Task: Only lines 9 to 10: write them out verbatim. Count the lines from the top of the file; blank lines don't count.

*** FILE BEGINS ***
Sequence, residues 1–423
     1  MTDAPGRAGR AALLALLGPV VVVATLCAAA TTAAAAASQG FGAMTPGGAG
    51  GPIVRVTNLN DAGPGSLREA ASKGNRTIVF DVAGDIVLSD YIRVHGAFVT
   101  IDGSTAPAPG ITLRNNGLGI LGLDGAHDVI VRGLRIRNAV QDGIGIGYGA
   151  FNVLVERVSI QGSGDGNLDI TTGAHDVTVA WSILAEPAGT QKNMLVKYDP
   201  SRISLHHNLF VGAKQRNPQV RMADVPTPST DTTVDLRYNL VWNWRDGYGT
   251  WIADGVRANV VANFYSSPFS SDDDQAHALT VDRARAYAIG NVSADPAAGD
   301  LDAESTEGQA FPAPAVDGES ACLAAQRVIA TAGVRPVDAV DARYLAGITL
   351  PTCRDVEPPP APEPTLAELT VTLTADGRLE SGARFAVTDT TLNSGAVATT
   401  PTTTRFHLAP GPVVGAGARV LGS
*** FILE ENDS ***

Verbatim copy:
   351  PTCRDVEPPP APEPTLAELT VTLTADGRLE SGARFAVTDT TLNSGAVATT
   401  PTTTRFHLAP GPVVGAGARV LGS